“‘Make a difference in my life, don’t just try to educate me. Address one of my problems and I’ll listen and participate. Then I’ll understand. Then I’ll be able to see the whole picture and my place in it,’” she said.

Don’t know how you can contribute? We’ll help you with some ideas. It can be as simple as donating a suit so someone has a nice outfit to wear to a job interview, writing a letter/email or learning something new. Maybe there is a local nonprofit you have never heard of that is right up your alley.

This year we are hosting several events during the week of Feb 23 – March 3. Kick things off with us at Green Drinks at Harmony Hall. Meet people, talk, listen. Come to the service event to learn about the work of nonprofits you might not know about, and also, do something for yourself. Advocacy is rewarding, but we have a long road. A little relaxation never hurt anybody. You want to do something, but what? Our advocacy workshop will explore the many avenues available and perhaps you’ll find one that speaks to you: food, healthy kids, environmental stewardship, water, recycling – the list goes on. Then, put your new skills to work. Stop by WMEAC and you can pitch in – right then and there – on issues in our community. Need more inspiration? We will be screening Arise and discussing it in both Grand Rapids and Holland. Our week-long event ends, of course, with Winona LaDuke. (Tickets are going fast for her keynote and reception.)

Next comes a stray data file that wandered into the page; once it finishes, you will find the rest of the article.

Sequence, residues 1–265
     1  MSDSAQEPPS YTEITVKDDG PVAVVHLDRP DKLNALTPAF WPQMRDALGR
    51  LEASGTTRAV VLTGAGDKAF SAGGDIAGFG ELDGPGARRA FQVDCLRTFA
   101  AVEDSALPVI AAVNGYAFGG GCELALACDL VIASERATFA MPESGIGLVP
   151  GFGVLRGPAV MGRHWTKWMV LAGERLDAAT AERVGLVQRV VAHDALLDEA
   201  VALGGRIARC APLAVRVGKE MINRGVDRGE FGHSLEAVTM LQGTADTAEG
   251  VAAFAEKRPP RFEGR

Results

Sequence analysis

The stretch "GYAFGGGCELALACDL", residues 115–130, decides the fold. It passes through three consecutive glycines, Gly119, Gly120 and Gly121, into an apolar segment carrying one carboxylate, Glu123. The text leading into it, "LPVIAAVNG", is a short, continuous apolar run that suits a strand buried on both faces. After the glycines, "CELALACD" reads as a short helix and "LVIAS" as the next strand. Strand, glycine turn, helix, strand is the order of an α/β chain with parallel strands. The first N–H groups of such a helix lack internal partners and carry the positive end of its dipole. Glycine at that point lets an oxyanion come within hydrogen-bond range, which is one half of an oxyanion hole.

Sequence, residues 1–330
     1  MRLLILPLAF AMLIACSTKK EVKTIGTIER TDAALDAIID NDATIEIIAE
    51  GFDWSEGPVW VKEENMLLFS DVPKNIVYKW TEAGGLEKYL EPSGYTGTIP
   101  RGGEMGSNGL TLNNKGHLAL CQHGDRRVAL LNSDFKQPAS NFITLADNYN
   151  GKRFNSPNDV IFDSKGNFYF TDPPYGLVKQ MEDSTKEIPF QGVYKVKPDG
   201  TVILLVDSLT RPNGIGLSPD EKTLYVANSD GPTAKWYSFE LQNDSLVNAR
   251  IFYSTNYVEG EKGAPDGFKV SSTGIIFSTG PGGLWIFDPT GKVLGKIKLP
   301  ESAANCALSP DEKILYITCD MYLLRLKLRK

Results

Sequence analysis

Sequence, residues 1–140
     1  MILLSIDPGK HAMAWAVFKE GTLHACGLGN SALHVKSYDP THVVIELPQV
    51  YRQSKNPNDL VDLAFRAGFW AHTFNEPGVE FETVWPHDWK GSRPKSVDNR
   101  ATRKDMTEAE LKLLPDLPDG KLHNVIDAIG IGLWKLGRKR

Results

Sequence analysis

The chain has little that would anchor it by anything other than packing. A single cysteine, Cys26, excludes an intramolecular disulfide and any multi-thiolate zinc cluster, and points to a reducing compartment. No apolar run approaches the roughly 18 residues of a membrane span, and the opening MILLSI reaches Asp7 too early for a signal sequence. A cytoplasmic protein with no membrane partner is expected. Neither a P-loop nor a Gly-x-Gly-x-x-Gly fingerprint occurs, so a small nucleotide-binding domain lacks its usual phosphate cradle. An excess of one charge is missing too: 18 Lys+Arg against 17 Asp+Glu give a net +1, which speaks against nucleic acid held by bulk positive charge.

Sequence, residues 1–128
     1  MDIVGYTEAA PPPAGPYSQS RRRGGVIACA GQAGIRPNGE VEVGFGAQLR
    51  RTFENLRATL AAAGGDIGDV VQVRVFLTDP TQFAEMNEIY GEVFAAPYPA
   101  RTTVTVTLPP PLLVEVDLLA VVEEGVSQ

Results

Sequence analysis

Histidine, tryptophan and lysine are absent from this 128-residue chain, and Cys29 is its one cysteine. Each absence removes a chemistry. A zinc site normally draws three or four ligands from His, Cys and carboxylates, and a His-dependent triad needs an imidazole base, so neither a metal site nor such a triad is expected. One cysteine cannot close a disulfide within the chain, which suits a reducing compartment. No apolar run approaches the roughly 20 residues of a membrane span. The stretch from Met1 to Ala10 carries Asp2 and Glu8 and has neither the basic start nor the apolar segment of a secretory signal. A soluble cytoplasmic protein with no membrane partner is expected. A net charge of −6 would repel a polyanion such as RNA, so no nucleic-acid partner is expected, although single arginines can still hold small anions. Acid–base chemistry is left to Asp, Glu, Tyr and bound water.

W&E 2015 keynote speaker Nikki Silvestri said, “Don’t be afraid to have the right answers. Consistently expand your understanding of the landscape.”

Come to W&E and be inspired. Take some action, no matter how big or small. We all need to see the whole picture and our place in it. Learn from President Obama’s farewell speech where he said, “Now [the presidency] is where I learned that change only happens when ordinary people get involved, and they get engaged, and they come together to demand it.”

Step up, get involved, get engaged, get together, and demand change! Start this year with the Women and the Environment Symposium.